The Ukrainian military’s top intelligence official said Russian forces are on the verge of shifting tactics toward trying to split Ukrainian territory the same way North and South Korea have been divided since the Korean war was frozen by an armistice nearly 70 years ago.
With Russia’s military failing to capture the capital of Kyiv or other major cities, Russian President Vladimir Putin is recalibrating his focus, according to Ukrainian Gen. Kyrylo Budanov, who was among the first to publicly predict Russia’s invasion plan months before it began.
“There are reasons to believe that he may try to impose a separation line between the occupied and unoccupied regions of our country,” Gen. Budanov said in a statement over the weekend, according to the U.S. government-backed outlet Radio Free Europe/Radio Liberty.
“It will be an attempt to set up South and North Koreas in Ukraine,” Gen. Budanov said.
The Ukrainian military intelligence chief more generally predicted that Russia will attempt to consolidate its gains in eastern Ukraine — a largely Russian-speaking area with stronger economic and cultural ties to Russia — and pursue the establishment of a demilitarized zone, or DMZ, cordoning off the region because Mr. Putin “is definitely not able to swallow the entire country.”
“Putin is already changing the main operational directions – towards the south and the east,” Gen. Budanov said, according to another translation, by The Guardian. “There is reason to believe that he is considering a ‘Korean scenario’ for Ukraine.”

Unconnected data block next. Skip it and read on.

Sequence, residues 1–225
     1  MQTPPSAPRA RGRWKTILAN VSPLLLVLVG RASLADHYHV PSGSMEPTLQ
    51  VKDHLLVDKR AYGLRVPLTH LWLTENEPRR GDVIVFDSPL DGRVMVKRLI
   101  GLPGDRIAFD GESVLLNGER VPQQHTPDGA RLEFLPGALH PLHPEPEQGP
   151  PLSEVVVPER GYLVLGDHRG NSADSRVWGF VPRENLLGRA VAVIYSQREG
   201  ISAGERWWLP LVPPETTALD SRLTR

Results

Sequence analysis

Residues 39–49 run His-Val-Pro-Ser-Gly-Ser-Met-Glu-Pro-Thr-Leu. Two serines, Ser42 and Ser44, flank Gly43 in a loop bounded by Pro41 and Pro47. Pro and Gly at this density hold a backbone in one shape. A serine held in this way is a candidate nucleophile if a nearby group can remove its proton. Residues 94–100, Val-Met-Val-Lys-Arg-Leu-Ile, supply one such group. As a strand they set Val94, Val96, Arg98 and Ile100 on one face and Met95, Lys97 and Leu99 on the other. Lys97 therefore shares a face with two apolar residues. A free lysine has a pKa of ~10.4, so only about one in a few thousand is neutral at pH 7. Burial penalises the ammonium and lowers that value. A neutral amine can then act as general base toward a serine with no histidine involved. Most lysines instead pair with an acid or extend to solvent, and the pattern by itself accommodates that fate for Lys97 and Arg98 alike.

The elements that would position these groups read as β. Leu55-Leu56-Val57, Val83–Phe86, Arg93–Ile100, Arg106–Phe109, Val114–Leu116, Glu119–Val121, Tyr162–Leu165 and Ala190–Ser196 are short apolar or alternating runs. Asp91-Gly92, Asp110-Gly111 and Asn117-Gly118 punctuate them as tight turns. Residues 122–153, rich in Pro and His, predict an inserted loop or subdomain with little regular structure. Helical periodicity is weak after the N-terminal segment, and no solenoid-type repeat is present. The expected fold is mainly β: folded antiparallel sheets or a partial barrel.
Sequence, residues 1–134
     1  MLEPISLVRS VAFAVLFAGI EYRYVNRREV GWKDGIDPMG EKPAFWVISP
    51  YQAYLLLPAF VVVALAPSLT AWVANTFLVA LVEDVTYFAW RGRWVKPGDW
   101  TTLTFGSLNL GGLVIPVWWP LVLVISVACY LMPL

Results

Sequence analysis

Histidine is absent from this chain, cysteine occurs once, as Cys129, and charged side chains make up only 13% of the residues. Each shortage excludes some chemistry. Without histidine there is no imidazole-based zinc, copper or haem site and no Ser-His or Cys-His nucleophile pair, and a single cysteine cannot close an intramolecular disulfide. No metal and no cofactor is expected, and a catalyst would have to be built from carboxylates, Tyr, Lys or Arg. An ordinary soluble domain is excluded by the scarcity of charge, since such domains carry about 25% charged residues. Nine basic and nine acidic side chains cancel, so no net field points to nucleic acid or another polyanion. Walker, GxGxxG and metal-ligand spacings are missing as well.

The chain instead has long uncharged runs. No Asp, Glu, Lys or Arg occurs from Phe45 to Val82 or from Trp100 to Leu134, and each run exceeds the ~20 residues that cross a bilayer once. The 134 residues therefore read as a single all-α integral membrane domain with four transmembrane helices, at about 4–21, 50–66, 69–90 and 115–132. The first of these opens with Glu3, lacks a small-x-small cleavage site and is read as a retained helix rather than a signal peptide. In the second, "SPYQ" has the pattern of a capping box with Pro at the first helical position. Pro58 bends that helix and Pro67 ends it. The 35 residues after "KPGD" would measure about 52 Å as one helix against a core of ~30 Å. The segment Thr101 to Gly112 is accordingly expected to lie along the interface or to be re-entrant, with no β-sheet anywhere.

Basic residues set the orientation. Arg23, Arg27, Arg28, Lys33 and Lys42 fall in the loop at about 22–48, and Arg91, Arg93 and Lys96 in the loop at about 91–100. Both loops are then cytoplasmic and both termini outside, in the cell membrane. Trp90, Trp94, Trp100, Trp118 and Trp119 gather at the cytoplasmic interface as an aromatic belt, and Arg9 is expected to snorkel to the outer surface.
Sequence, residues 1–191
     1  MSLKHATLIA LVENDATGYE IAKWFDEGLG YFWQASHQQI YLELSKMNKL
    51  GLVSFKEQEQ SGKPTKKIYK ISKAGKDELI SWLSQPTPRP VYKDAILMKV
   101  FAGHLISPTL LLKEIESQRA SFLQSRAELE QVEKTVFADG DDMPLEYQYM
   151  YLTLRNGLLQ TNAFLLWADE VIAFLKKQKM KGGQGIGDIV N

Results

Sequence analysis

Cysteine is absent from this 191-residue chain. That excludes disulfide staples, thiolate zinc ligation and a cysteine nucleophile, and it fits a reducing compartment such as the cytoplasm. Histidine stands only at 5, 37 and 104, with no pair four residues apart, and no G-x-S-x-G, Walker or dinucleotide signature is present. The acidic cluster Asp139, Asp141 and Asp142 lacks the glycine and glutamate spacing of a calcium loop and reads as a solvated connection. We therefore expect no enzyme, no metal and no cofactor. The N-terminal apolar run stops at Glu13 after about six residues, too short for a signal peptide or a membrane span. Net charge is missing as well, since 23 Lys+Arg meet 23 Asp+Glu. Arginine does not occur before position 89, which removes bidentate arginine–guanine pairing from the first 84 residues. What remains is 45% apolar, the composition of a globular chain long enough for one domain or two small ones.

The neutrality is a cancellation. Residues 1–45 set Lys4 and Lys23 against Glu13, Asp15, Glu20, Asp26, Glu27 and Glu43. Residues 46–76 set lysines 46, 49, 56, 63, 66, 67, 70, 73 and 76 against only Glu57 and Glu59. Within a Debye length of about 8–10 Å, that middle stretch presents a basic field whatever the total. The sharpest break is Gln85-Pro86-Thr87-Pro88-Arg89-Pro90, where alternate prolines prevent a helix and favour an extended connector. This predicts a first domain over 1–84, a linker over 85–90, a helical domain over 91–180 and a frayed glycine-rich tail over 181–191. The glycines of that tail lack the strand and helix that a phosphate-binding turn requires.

The comments, circulated Sunday on the Telegram social media portal, came as Russian and Ukrainian delegations were preparing to hold their first direct talks Tuesday in more than two weeks.
Ukrainian President Volodymyr Zelenskyy said ahead of the talks that Kyiv was willing to consider a declaration of neutrality and offer security guarantees to secure peace if Russian forces withdraw from Ukraine.
In an interview with independent Russian media outlets on Sunday, Mr. Zelenskyy stressed that Ukraine’s priority is ensuring its sovereignty and its “territorial integrity” — preventing Russia from carving up the country.
Russian officials moved quickly to block the outlets from publishing the contents of the interview domestically.
• This story is based in part on wire service reports.
• Guy Taylor can be reached at firstname.lastname@example.org.
Copyright © 2022 The Washington Times, LLC.